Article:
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The Impact of Nanoscale Technologies on Agriculture & Food Systems: Critical Analysis of Nanotechnology Reports

Investigators
Scott, Norman
Institutions
Cornell University
Start date
2007
End date
2009
Objective
This project is beneficial to all five strategic goals of the USDA/CSREES. Its objective is a response to the ETC (Erosion, Technology and Conservation) Group's Report and the others which attack the potential applications of nanotechnology to many aspects of agricultural and food technologies including plant and animal production, food products, food processes, soil, water, natural resources and the environment.

A creditable high level scientific expert report will provide government officials a solid foundation to respond to similar attacks. Dissemination of such a report to the public can help to ease public anxiety towards new nano technologies and facilitate dialogue with the public in more productive way.

More information
Non-Technical Summary: To address the concerns raised by ETC and others about potential risks of nanotechnology to food and agriculture we propose a workshop of a diverse group of scientists to develop a science-based assessment. These reports have cited a large number (more than 200 references from trade journals, websites, professional publications, and research databases including CRIS) which raise concerns about increasing dangers associated with development and deployment of nanomaterials and nanotechnologies in food and agriculture systems. This perspective will likely produce a serious adverse effect to development and deployment of nanotechnology, especially for food and agriculture by generating mistrust between the public, the government and scientists. The purpose of this project is to: 1) Develop a better understanding of needs and gaps, the benefits and risks of nanotechnology to guide future research, education and outreach program planning within the food and agriculture sector and agencies in the NNI; 2) Develop a thorough and an indepth communication of benefits and risks of nanotechnology in agriculture and food systems; and 3) Create a sound reference for government officials for policy making decisions.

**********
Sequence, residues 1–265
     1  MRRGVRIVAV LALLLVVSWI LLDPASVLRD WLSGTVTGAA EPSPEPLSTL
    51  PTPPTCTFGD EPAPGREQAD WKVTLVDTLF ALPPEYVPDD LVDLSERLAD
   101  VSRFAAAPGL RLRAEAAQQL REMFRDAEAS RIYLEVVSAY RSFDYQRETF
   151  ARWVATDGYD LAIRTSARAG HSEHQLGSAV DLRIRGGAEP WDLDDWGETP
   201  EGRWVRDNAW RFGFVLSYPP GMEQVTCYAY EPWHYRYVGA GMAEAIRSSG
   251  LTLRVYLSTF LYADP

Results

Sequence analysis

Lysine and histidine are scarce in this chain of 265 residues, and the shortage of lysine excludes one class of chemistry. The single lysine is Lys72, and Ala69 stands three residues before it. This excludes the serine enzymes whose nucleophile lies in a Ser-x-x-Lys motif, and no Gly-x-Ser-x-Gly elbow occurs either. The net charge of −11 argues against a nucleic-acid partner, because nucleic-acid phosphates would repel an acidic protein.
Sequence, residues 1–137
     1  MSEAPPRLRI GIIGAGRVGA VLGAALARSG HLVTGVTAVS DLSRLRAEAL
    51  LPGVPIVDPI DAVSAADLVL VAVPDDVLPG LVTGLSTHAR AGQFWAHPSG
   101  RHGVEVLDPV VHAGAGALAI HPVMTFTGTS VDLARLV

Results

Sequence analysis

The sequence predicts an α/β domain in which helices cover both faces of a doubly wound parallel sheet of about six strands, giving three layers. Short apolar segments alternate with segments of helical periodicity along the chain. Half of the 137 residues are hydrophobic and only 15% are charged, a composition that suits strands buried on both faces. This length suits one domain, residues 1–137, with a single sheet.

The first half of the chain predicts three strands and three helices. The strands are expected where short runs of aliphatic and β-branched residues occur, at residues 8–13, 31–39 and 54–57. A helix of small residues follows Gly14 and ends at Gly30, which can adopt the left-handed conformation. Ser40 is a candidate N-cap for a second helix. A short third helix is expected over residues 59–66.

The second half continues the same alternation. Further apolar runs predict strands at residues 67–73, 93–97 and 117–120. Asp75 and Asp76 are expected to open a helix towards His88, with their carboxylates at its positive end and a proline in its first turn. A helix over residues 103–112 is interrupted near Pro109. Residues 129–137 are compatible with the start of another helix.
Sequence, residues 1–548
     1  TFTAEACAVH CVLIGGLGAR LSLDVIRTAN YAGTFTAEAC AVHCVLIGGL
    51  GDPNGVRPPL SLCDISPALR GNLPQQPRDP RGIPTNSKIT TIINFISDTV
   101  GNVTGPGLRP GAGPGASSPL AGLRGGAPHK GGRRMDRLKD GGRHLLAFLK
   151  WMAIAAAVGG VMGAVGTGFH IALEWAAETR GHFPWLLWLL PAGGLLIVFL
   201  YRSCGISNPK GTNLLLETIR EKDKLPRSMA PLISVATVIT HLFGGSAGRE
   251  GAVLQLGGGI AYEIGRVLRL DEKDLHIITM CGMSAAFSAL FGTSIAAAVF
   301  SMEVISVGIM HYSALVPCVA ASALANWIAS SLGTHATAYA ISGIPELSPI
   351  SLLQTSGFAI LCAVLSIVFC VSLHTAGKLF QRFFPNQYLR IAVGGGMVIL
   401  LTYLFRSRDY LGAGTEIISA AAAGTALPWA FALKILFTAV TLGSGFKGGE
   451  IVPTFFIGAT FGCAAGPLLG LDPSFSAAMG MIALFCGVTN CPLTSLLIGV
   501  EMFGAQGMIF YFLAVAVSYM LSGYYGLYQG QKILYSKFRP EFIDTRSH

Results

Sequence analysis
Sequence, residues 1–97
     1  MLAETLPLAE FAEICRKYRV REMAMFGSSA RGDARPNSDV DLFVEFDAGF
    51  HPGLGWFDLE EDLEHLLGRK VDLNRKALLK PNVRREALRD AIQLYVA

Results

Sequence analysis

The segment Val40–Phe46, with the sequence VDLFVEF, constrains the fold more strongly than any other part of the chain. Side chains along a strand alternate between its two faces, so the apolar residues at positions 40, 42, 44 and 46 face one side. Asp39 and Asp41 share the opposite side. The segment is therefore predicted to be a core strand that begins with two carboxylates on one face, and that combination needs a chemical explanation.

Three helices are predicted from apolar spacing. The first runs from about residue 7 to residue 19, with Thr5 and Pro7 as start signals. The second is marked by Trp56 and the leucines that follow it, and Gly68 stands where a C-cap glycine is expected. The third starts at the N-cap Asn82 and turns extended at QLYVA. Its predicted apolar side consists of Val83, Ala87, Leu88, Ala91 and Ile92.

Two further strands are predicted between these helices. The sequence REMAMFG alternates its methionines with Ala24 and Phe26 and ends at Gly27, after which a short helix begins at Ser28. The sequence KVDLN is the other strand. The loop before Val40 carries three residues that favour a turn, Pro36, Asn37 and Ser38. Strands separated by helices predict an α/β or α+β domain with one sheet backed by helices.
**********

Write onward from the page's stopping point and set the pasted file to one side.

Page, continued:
Approach: It is proposed to conduct a critical analysis of the ETC report based on the up-to-date science and facts by an expert panel through a workshop format. In addition there are other recent reports and statements from groups which suggest similar concerns that need to be addressed. The panel will be co-led by the NPL (Dr. Hongda Chen) and Dr. Norm Scott, a member of National Academy of Engineering. The co-leaders will organize the panel of 8 to 10 experts in nanotechnology and knowledgeable to major agricultural fields including expertise in biotechnology, toxicity, plant and animal sciences, food and nutrition, soil science, the environment, entomology, sensors, engineering, extension and social sciences. The panel will conduct a workshop to develop a thorough analysis of the reports and prepare a position paper for release. A report of critical analysis of the ETC report and others will be made available to the public. A position paper will be derived from the analysis that can serve as a highly credible reference for Government agencies like OSTP, NSET, NNCO, USDA, EPA, FDA and others on this critical front. It is intended that a synopsis of our report, particularly the conclusions, will be submitted to Science magazine for publication to expand its impact to society.

Funding Source
Nat'l. Inst. of Food and Agriculture
Project source
View this project
Project number
NYC-123545
Accession number
211904
Categories
Chemical Contaminants
Natural Toxins